While societies all around the world struggle to inspire younger generations to hold, cherish, and respect the ethos of their culture, the urge is more predominant amongst the descendants of Girmitiyas of Fiji.
This urge has a basis in the fact that the history has not been kind, or say, those who have written the history, had an institutionalised bias against the stories of Indians who left or were forced to leave their homeland to distant remote lands.
The story of Indians arriving in the South Pacific heaven of Fiji, originally called Girmitiyas, is one such story which has not received much justice in the past.
And when history has not been kind, then the only natural urge is to rely on its own to keep one’s stories alive or say record their stories, so as to pass on something meaningful to its future generation.
The story of Girmitiyas of Fiji has been largely reflective of this botheration, which needs amelioration.
Towards this goal, the Indian Weekender is reaching out to the members of Fiji-Indian community in New Zealand, and beyond, to come and share their Girmit story.
The Indian Weekender is committed to relay their stories and celebrate the indomitable spirit of the Girmitiyas amongst the wider Indian diaspora.
This week the Indian Weekender spoke with Nek Mohammad, a prominent member of the Fiji-Indian community, a successful businessman and one of the founding members of the Fiji Girmit Foundation of New Zealand.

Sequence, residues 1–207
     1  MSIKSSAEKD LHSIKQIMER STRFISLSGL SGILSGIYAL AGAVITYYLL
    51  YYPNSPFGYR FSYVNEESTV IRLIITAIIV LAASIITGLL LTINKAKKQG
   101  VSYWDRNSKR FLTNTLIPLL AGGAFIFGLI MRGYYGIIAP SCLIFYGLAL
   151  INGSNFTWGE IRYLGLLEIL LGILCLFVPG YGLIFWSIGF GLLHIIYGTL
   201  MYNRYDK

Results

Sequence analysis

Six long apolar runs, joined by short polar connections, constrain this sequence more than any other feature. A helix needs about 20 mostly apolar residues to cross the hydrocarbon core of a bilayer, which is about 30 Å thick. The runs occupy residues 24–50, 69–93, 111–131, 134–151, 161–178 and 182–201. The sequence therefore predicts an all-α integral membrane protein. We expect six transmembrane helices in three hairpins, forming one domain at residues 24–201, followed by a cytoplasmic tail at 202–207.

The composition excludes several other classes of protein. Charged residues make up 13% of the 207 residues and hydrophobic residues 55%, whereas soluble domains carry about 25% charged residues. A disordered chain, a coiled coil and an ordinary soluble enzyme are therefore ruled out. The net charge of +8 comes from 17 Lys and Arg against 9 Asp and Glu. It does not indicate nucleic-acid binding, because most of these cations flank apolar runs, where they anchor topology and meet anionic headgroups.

Here are the excerpts of the interview.
Do you have a Girmit story?
Mr Mohammad: I have been an integral part of the Fiji Girmit Association of New Zealand and founding member of the association. I have been involved with the project trying to pursue younger generation to get them know more about Girmit and what Girmit Day is all about.
Is the heritage of Girmit losing relevance among the younger generation?
Mr Mohammad: Yes indeed, there is a concern that our younger generations are losing the relevance of our Girmit heritage. This concern drives our majority of actions at the Fiji Girmit Foundation of NZ
How do you think can this be resurrected?
Mr Mohammad: We initiated endeavours like Project Nasilai where we sought commemorating the lives of 59 Indian labourers killed in a ship disaster on the coast of Fiji, and thanking the rescue efforts of the native Fijians in saving 438 people, purely because of the reason to educate our youngsters about the trials and tribulations of our forefathers.
We thank the Indian Weekender for taking the lead and putting the focus on our Girmit past. It means a lot to us.
What is your message to the younger generations in the Fiji-Indian community?
Mr Mohammad: Be proud of your Indian heritage. Stay connected with your roots.
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